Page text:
David Copperfield By Charles Dickens Chapters 41-42

'It only remains for me, to bear the knowledge of the unhappiness I have occasioned, as submissively as I can. It is she who should reproach; not I. To save her from misconstruction, cruel misconstruction, that even my friends have not been able to avoid, becomes my duty. The more retired we live, the better I shall discharge it. And when the time comes — may it come soon, if it be His merciful pleasure! — when my death shall release her from constraint, I shall close my eyes upon her honoured face, with unbounded confidence and love; and leave her, with no sorrow then, to happier and brighter days.'

I could not see him for the tears which his earnestness and goodness, so adorned by, and so adorning, the perfect simplicity of his manner, brought into my eyes. He had moved to the door, when he added:

'Gentlemen, I have shown you my heart. I am sure you will respect it. What we have said tonight is never to be said more. Wickfield, give me an old friend's arm upstairs!'

Mr. Wickfield hastened to him. Without interchanging a word they went slowly out of the room together, Uriah looking after them.

'Well, Master Copperfield!' said Uriah, meekly turning to me. 'The thing hasn't took quite the turn that might have been expected, for the old Scholar — what an excellent man! — is as blind as a brickbat; but this family's out of the cart, I think!'

I needed but the sound of his voice to be so madly enraged as I never was before, and never have been since.

'You villain,' said I, 'what do you mean by entrapping me into your schemes? How dare you appeal to me just now, you false rascal, as if we had been in discussion together?'

As we stood, front to front, I saw so plainly, in the stealthy exultation of his face, what I already so plainly knew; I mean that he forced his confidence upon me, expressly to make me miserable, and had set a deliberate trap for me in this very matter; that I couldn't bear it. The whole of his lank cheek was invitingly before me, and I struck it with my open hand with that force that my fingers tingled as if I had burnt them.

He caught the hand in his, and we stood in that connexion, looking at each other. We stood so, a long time; long enough for me to see the white marks of my fingers die out of the deep red of his cheek, and leave it a deeper red.

'Copperfield,' he said at length, in a breathless voice, 'have you taken leave of your senses?'

'I have taken leave of you,' said I, wresting my hand away. 'You dog, I'll know no more of you.'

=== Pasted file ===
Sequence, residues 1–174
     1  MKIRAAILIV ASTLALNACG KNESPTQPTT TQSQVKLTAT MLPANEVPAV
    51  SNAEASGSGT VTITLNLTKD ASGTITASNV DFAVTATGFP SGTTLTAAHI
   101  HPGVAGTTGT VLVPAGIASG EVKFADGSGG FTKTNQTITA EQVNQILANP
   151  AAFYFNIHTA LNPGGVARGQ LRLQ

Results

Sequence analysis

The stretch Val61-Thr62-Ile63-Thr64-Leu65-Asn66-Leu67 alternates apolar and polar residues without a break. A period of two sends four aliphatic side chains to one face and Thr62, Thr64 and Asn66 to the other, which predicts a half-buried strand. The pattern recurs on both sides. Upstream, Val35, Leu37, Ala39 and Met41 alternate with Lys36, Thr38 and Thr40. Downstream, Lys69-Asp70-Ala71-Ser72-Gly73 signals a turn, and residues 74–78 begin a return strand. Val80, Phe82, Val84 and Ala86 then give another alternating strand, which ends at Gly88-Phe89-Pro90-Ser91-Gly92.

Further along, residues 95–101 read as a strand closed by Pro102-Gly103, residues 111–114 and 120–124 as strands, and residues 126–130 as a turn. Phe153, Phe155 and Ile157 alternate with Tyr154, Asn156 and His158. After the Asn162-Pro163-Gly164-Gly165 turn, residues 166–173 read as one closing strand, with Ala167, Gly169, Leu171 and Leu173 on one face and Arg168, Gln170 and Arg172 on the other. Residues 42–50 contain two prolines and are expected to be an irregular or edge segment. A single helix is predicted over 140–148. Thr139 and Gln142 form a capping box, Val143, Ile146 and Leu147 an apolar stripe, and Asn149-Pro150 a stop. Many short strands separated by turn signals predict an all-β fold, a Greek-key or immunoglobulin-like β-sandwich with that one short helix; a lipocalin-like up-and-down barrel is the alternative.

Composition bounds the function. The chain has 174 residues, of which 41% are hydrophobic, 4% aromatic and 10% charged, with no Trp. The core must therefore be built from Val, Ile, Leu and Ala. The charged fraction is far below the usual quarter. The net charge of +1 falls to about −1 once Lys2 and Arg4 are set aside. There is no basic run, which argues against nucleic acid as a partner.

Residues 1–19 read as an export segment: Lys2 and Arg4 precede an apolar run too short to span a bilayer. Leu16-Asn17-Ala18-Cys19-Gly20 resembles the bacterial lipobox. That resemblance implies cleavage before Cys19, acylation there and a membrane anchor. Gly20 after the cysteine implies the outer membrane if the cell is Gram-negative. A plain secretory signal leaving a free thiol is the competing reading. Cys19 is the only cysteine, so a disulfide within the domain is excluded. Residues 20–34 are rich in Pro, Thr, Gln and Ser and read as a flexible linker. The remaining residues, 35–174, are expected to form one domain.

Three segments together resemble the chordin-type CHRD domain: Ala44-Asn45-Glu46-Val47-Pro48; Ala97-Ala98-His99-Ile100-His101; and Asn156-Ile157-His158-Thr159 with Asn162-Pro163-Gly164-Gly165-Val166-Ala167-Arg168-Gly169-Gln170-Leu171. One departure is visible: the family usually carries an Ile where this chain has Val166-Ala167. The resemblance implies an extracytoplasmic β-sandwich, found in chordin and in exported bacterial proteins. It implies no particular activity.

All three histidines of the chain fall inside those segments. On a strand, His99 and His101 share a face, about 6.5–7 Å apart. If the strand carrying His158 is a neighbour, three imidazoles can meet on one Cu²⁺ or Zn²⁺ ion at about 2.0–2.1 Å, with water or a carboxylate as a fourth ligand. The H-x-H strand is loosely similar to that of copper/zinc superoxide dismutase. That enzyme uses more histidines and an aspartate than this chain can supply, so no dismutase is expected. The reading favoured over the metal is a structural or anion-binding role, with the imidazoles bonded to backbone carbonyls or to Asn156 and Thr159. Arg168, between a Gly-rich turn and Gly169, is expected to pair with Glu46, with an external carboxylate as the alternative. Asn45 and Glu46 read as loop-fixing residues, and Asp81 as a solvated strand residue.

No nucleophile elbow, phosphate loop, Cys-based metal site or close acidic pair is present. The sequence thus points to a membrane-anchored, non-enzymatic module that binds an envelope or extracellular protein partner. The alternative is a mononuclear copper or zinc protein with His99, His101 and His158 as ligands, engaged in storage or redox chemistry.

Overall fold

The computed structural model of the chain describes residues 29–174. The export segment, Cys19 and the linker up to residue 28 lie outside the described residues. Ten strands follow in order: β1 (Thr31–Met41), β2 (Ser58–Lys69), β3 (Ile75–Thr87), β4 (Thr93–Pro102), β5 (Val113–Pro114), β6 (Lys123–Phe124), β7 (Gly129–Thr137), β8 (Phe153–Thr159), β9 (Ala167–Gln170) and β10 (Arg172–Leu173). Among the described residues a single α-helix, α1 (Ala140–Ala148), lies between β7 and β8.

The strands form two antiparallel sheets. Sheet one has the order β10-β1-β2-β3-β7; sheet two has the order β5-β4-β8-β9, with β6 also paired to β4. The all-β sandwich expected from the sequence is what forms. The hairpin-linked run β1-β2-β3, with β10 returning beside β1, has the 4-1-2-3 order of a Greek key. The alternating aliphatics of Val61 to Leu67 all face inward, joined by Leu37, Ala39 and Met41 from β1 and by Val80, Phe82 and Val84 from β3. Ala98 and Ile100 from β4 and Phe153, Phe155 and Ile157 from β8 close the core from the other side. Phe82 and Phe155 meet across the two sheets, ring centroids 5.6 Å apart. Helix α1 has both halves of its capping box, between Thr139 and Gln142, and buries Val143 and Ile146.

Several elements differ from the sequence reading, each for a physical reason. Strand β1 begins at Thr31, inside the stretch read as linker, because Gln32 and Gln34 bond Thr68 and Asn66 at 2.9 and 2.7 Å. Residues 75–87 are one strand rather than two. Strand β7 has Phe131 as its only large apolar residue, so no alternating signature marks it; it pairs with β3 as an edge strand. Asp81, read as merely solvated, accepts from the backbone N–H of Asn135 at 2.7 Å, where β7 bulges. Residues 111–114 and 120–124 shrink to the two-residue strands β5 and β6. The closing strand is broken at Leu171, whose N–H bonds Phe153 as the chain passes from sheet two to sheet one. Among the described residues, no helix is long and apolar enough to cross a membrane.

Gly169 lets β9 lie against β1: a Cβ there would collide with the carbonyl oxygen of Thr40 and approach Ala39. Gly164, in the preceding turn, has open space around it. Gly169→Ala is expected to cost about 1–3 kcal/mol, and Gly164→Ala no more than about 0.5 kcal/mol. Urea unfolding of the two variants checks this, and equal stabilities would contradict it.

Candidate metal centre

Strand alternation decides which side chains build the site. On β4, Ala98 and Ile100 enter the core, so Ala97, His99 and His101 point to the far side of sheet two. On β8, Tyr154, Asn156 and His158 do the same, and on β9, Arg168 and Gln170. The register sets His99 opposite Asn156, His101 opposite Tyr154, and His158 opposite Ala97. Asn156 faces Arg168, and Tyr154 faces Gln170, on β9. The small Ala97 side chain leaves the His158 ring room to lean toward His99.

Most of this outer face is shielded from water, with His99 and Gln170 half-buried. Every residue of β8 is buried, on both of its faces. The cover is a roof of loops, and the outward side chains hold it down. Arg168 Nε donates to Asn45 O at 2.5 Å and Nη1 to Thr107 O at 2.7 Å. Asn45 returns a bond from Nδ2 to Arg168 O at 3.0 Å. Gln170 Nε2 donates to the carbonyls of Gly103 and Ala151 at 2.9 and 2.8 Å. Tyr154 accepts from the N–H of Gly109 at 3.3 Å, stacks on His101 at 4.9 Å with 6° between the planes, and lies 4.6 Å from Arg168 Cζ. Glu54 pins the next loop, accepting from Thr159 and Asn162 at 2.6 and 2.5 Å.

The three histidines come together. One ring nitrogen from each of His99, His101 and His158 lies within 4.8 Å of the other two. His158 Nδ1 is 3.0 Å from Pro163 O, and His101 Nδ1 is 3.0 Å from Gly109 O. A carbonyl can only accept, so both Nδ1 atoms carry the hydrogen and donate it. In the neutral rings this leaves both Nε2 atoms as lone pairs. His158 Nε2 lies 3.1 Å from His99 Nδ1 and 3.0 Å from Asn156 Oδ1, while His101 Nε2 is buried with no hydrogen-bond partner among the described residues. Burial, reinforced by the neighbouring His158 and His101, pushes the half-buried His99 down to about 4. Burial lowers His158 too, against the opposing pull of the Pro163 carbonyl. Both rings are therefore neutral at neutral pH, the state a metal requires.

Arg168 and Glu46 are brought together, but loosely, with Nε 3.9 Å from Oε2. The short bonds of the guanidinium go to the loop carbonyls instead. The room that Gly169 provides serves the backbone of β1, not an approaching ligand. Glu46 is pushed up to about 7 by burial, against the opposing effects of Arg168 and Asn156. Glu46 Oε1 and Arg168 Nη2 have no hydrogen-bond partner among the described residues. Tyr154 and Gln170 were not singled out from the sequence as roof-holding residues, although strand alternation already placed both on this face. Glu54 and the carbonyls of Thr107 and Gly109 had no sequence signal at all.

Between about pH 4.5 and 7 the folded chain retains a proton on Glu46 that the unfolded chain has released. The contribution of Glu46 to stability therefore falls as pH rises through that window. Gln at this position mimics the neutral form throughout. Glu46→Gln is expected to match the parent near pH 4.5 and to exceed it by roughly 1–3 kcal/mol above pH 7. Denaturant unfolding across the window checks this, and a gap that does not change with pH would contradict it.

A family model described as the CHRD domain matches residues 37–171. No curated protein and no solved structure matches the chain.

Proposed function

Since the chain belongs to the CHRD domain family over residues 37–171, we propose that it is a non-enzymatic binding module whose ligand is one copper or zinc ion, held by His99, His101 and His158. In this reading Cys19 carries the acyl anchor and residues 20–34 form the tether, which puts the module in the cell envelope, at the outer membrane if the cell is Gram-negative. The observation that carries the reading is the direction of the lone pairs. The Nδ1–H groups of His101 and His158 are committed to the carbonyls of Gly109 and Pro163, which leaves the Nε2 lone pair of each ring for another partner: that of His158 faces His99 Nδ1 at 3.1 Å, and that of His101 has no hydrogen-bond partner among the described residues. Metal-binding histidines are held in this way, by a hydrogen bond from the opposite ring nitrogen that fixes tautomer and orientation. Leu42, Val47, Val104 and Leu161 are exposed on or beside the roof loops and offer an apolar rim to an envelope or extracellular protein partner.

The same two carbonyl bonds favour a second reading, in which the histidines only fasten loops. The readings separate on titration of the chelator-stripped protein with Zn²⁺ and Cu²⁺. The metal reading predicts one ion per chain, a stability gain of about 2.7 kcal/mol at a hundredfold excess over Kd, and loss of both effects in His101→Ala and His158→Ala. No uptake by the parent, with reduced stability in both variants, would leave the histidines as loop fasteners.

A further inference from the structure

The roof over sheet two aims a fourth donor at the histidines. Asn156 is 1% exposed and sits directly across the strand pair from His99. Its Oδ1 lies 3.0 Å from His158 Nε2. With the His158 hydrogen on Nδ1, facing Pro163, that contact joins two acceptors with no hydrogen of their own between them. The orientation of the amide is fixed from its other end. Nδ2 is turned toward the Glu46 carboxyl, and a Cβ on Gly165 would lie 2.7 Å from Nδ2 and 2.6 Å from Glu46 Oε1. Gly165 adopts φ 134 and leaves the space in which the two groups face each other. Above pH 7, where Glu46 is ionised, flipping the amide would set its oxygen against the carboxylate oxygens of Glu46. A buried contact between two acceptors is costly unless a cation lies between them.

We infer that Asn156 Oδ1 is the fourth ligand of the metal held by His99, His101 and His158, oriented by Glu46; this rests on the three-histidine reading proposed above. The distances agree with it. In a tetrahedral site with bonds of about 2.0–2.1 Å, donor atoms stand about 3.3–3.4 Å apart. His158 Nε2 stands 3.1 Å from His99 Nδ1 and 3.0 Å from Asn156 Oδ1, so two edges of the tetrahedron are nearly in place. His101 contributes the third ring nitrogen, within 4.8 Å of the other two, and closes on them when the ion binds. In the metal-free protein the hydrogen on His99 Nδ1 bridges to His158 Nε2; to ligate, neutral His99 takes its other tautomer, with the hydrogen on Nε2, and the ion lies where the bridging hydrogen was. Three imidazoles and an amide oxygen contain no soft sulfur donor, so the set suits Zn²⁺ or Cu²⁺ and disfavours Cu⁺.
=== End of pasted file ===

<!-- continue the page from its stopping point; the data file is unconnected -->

'Won't you?' said he, constrained by the pain of his cheek to put his hand there. 'Perhaps you won't be able to help it. Isn't this ungrateful of you, now?'

'I have shown you often enough,' said I, 'that I despise you. I have shown you now, more plainly, that I do. Why should I dread your doing your worst to all about you? What else do you ever do?'

He perfectly understood this allusion to the considerations that had hitherto restrained me in my communications with him. I rather think that neither the blow, nor the allusion, would have escaped me, but for the assurance I had had from Agnes that night. It is no matter.

There was another long pause. His eyes, as he looked at me, seemed to take every shade of colour that could make eyes ugly.

'Copperfield,' he said, removing his hand from his cheek, 'you have always gone against me. I know you always used to be against me at Mr. Wickfield's.'

'You may think what you like,' said I, still in a towering rage. 'If it is not true, so much the worthier you.'

'And yet I always liked you, Copperfield!' he rejoined.

I deigned to make him no reply; and, taking up my hat, was going out to bed, when he came between me and the door.

'Copperfield,' he said, 'there must be two parties to a quarrel. I won't be one.'

'You may go to the devil!' said I.

'Don't say that!' he replied. 'I know you'll be sorry afterwards. How can you make yourself so inferior to me, as to show such a bad spirit? But I forgive you.'

'You forgive me!' I repeated disdainfully.

'I do, and you can't help yourself,' replied Uriah. 'To think of your going and attacking me, that have always been a friend to you! But there can't be a quarrel without two parties, and I won't be one. I will be a friend to you, in spite of you. So now you know what you've got to expect.'

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